Five Points is home to several strips of bars along Harden Street. Students usually wait for Ubers on the sidewalk, where Ubers often swing into a meter spot to pick up the rider.
Students at the University of South Carolina on Monday vowed to be more alert about ride sharing and safety in the wake of the murder of Samantha Josephson, 21, who was abducted early Friday morning after entering a car she mistook for her Uber ride.
Riders using these apps should make sure to remember to look out for the specific vehicle described and always ask the driver who they are there to pick up, USC President Harris Pastides told students in an email. Riding with a friend, or even just waiting alongside a friend to verify their ride, is always recommended if possible, especially at night.
“Any time at night, really, is just a little bit concerning,” said Abigail McMillan, a student at USC, adding that she usually rides with a friend.
“I think that especially girls, because we tend to be really vulnerable out there, I think that we should look out for each other and say something if we think that something is not safe for somebody else,” said Hamilton Harvin, a junior experimental psychology major.
“On Uber, they have a profile of who they (the driver) are, and their name and everything,” said Harvin. “I check that it’s the vehicle, their license plate number and who they say they are.”
An Uber driver’s location can be tracked through the app to verify their location, and Harvin said she uses the tracker to find her ride when it arrives.
McMillan said she does not just rely on the tracker. “I call my Uber and talk to the man or woman picking me up and stay on the phone with them until I get into the car, so I know it’s them and I can find them wherever they are,” she said.
Even though there is a tracker, those hailing a ride through one of these apps can get confused by a similar car, especially at night or if the passenger is under the influence.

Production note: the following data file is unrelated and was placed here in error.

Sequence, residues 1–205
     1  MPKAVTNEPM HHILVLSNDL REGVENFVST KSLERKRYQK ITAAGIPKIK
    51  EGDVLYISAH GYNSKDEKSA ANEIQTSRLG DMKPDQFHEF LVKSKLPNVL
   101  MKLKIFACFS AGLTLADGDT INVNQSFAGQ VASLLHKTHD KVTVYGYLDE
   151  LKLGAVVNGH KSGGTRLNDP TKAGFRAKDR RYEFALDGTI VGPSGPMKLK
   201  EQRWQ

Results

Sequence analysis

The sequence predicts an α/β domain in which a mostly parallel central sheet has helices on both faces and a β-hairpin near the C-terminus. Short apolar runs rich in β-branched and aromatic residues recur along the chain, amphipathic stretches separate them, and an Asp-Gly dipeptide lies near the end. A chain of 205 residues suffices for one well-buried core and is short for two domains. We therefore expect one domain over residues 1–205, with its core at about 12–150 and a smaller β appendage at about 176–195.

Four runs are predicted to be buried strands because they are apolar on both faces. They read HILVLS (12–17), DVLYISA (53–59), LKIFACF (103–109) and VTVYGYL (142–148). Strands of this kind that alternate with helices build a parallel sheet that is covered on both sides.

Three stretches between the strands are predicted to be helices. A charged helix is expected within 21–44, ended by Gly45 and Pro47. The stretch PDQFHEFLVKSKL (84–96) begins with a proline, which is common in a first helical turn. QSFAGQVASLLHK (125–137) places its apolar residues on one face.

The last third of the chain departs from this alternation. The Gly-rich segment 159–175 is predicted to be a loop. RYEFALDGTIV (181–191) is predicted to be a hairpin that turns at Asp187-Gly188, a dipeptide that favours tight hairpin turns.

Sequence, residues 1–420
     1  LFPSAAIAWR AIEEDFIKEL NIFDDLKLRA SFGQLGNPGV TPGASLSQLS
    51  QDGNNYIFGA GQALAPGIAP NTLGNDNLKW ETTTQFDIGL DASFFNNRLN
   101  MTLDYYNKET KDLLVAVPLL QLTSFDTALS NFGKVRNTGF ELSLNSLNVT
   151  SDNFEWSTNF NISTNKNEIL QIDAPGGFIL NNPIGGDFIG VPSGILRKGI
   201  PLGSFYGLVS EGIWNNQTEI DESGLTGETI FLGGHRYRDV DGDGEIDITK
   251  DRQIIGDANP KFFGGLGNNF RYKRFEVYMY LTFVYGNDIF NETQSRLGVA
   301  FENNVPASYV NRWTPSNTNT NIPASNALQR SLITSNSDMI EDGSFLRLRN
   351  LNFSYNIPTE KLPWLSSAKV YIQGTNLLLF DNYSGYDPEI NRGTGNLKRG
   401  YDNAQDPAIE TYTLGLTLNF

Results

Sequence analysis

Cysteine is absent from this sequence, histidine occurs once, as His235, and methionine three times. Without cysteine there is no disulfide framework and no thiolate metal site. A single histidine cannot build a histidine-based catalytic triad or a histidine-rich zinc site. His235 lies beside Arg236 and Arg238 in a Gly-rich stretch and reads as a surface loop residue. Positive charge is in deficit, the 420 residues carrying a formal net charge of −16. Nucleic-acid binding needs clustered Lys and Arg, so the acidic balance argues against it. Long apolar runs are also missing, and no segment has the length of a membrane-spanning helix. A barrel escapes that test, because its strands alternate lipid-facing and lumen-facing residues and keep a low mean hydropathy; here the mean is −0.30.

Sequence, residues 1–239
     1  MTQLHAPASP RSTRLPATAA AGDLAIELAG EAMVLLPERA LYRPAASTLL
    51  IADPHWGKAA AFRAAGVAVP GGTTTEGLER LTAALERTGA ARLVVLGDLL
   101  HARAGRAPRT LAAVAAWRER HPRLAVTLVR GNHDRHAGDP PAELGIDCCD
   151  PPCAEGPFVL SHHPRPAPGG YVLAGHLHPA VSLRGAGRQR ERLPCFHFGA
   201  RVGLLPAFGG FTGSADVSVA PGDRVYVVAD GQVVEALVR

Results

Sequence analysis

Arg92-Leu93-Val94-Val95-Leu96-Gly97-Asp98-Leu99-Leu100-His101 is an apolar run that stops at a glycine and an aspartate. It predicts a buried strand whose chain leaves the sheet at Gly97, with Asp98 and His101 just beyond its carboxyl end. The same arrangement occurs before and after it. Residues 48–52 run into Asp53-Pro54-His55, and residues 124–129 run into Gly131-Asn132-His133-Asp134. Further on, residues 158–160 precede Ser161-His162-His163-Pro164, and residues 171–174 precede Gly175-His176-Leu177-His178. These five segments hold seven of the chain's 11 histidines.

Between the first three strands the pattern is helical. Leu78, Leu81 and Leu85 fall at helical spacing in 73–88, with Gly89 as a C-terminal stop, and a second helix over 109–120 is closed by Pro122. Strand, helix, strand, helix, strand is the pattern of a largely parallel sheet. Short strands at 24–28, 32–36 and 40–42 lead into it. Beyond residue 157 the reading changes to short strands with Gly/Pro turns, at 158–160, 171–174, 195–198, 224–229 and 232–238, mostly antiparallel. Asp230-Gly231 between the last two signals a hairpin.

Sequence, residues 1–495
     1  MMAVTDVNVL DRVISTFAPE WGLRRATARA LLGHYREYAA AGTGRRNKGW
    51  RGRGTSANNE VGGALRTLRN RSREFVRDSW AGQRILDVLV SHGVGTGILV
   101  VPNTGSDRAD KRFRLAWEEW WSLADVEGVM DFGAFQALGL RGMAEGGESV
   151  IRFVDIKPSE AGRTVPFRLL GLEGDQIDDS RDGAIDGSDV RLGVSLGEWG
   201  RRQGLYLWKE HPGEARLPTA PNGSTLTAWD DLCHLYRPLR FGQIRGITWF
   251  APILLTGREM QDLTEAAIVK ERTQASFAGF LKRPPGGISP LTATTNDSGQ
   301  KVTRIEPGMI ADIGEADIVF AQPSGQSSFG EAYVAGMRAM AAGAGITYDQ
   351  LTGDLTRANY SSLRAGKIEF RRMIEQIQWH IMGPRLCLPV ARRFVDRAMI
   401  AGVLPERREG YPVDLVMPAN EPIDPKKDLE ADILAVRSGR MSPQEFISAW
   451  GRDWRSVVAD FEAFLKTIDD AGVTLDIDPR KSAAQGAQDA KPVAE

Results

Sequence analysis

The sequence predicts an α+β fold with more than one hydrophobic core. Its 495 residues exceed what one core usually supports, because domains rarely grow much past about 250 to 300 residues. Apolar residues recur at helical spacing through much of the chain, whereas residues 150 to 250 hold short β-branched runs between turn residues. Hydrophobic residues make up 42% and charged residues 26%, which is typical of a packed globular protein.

“Just because there are vehicles that look a lot alike, and there are vehicles that do that [look for unsuspecting Uber riders] and it’s really creepy,” said Harvin. “Sometimes they’re like, ‘I’m here for you,’ and I ask ‘who am I?'”
Asking the driver who they came to pick up instead of initially offering your name is a simple, yet effective initial question.
“I always ask who they’re there to pick up. I don’t say, ‘are you here for Hamilton?’ I say, ‘who are you here for?'” said Harvin.
Uber offers a list of safety tips on their website. One tip recommends riding in the backseat, so the passenger has two possible escape doors in any dangerous situation.
This particular recommendation worries some riders because of the role that child locks have played in abductions.
“I’ve had friends who do get in, and sometimes the doors lock and they can’t get out, and they have creepy situations like that,” said Harvin.”They didn’t know until they felt uncomfortable and started to reach for the door at one of the stoplights and realized it was child locked, or during the drive they had to quietly unlock it.”
Police say Josephson’s alleged killer, Nathaniel David Rowland, had activated child locks on the black Chevrolet Impala that was used to kidnap the USC senior.
He was arrested by Columbia police early Saturday morning in the Five Points area, about 24 hours after he allegedly committed the crime. Josephson’s body was found in a wooded section of Clarendon County, about an hour from Columbia. Her blood was found in the Impala and her cell phone was in the glove box, police said.